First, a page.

2.5.1 Karyograms are images of real chromosomes
Each eukaryotic species has its nuclear genome divided among a number of chromosomes that is characteristic of that species. For example, a haploid human nucleus (i.e. sperm or egg) normally has 23 chromosomes (n=23), and a diploid human nucleus has 23 pairs of chromosomes (2n=46). A karyotype is the complete set of chromosomes of an individual. The cell was in metaphase so each of the 46 structures is a replicated chromosome even though it is hard to see the two sister chromatids for each chromosome at this resolution. As expected there are 46 chromosomes. Note that the chromosomes have different lengths. In fact, human chromosomes were named based upon this feature. Our largest chromosome is called 1, our next longest is 2, and so on. By convention the chromosomes are arranged into the pattern shown in Figure 2.15 and the resulting image is called a karyogram. A karyogram allows a geneticist to determine a person's karyotype - a written description of their chromosomes including anything out of the ordinary.
Karyogram of a normal human male karytype.
Various stains and fluorescent dyes are used to produce characteristic banding patterns to distinguish all 23 chromosomes. The number of chromosomes varies between species, but there appears to be very little correlation between chromosome number and either the complexity of an organism or its total amount genomic DNA.
2.5.2 Autosomes and Sex Chromosomes
In the figure above note that most of the chromosomes are paired (same length, centromere location, and banding pattern). These chromosomes are called autosomes. However note that two of the chromosomes, the X and the Y do not look alike. These are sex chromosomes. In humans males have one of each while females have two X chromosomes. Autosomes are those chromosomes present in the same number in males and females while sex chromosomes are those that are not. When sex chromosomes were first discovered their function was unknown and the name X was used to indicate this mystery. The next ones were named Y, then Z, and then W.
The combination of sex chromosomes within a species is associated with either male or female individuals. In mammals, fruit flies, and some flowering plants embryos, those with two X chromosomes develop into females while those with an X and a Y become males. In birds, moths, and butterflies males are ZZ and females are ZW. Because sex chromosomes have arisen multiple times during evolution the molecular mechanism(s) through which they determine sex differs among those organisms. For example, although humans and Drosophila both have X and Y sex chromosomes, they have different mechanisms for determining sex .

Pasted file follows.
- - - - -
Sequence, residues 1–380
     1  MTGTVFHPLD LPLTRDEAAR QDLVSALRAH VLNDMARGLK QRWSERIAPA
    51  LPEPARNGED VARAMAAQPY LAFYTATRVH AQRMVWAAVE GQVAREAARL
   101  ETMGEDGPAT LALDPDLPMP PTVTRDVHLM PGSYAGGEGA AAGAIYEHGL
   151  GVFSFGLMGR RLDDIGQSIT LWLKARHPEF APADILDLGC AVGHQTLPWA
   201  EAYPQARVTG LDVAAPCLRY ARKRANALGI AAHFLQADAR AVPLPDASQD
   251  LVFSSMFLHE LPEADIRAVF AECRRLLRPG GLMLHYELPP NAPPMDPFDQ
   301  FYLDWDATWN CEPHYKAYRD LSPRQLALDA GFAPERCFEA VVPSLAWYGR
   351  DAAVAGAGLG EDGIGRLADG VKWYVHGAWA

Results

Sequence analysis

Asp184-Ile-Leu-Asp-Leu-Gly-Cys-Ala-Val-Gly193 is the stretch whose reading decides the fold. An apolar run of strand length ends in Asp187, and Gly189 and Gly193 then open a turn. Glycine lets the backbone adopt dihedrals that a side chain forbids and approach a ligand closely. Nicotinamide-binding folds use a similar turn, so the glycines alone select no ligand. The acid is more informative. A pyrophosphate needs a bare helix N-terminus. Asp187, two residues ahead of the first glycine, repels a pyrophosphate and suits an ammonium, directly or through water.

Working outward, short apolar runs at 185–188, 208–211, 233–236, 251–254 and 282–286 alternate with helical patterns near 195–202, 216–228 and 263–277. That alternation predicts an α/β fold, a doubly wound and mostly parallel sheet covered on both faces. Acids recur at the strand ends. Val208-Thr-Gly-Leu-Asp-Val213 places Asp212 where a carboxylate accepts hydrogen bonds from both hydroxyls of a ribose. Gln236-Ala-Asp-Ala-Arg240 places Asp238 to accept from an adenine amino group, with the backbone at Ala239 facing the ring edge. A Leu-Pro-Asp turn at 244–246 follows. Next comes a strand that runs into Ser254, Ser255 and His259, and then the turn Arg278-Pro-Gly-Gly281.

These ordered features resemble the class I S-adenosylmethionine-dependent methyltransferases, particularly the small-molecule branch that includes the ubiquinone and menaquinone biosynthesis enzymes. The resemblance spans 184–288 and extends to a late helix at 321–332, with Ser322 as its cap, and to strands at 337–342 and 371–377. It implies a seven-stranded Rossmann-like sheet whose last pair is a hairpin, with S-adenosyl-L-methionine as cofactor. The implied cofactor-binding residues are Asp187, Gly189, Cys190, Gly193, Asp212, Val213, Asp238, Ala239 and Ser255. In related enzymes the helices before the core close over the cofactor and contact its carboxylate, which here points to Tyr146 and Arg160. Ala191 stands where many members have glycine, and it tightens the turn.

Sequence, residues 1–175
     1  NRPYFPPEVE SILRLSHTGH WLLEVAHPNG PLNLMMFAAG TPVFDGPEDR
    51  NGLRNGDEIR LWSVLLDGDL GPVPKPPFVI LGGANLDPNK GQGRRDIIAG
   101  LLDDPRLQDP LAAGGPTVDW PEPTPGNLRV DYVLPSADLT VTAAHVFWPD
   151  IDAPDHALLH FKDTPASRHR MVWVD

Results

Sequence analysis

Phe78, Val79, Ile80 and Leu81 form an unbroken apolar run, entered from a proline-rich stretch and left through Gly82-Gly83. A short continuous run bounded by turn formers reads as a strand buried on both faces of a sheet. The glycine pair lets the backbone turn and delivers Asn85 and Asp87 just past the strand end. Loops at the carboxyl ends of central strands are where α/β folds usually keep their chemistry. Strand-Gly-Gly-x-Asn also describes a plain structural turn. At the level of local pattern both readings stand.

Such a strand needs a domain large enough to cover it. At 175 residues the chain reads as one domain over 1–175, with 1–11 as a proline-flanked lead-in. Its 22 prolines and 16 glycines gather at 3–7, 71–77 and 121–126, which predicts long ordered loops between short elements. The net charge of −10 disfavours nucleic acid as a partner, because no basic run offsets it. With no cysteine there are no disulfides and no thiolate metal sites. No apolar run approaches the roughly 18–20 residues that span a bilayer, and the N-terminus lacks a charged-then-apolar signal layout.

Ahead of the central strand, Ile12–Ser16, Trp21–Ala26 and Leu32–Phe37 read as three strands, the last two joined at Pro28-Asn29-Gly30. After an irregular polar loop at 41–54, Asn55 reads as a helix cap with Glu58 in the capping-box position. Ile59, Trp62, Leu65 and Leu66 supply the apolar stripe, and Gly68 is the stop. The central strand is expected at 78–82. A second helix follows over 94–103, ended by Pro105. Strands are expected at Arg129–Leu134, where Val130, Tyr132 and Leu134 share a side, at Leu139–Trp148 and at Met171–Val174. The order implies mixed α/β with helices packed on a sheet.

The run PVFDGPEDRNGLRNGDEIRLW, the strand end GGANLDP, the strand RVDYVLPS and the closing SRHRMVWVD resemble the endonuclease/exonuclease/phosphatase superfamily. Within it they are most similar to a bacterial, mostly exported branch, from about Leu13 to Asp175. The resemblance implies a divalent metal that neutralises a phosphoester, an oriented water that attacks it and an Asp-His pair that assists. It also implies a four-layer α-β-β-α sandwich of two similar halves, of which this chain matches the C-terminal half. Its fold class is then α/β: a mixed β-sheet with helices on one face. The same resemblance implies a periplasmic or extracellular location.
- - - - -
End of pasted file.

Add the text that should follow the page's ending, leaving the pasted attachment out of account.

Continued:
In mammals, the sex chromosomes evolved just after the divergence of the monotreme lineage from the lineage that led to placental and marsupial mammals. Thus nearly every mammal species uses the same sex determination system. During embryogenesis the gonads will develop into either ovaries or testes. A gene present only on the Y chromosome called TDF encodes a protein that makes the gonads mature into testes. XX embryos do not have this gene and their gonads mature into ovaries instead (default). Once formed the testes produce sex hormones that direct the rest of the developing embryo to become male, while the ovaries make different sex hormones that promote female development. The testes and ovaries are also the organs where gametes (sperm or eggs) are produced.
How do the sex chromosome behave during meiosis? Well, in those individuals with two of the same chromosome (i.e. homogametic sexes: XX females and ZZ males) the chromosomes pair and segregate during meiosis I the same as autosomes do. During meiosis in XY males or ZW females (heterogametic sexes) the sex chromosomes pair with each other (Figure 2.16). In mammals the consequence of this is that all egg cells will carry an X chromosome while the sperm cells will carry either an X or a Y chromosome. Half of the offspring will receive two X chromosomes and become female while half will receive an X and a Y and become male.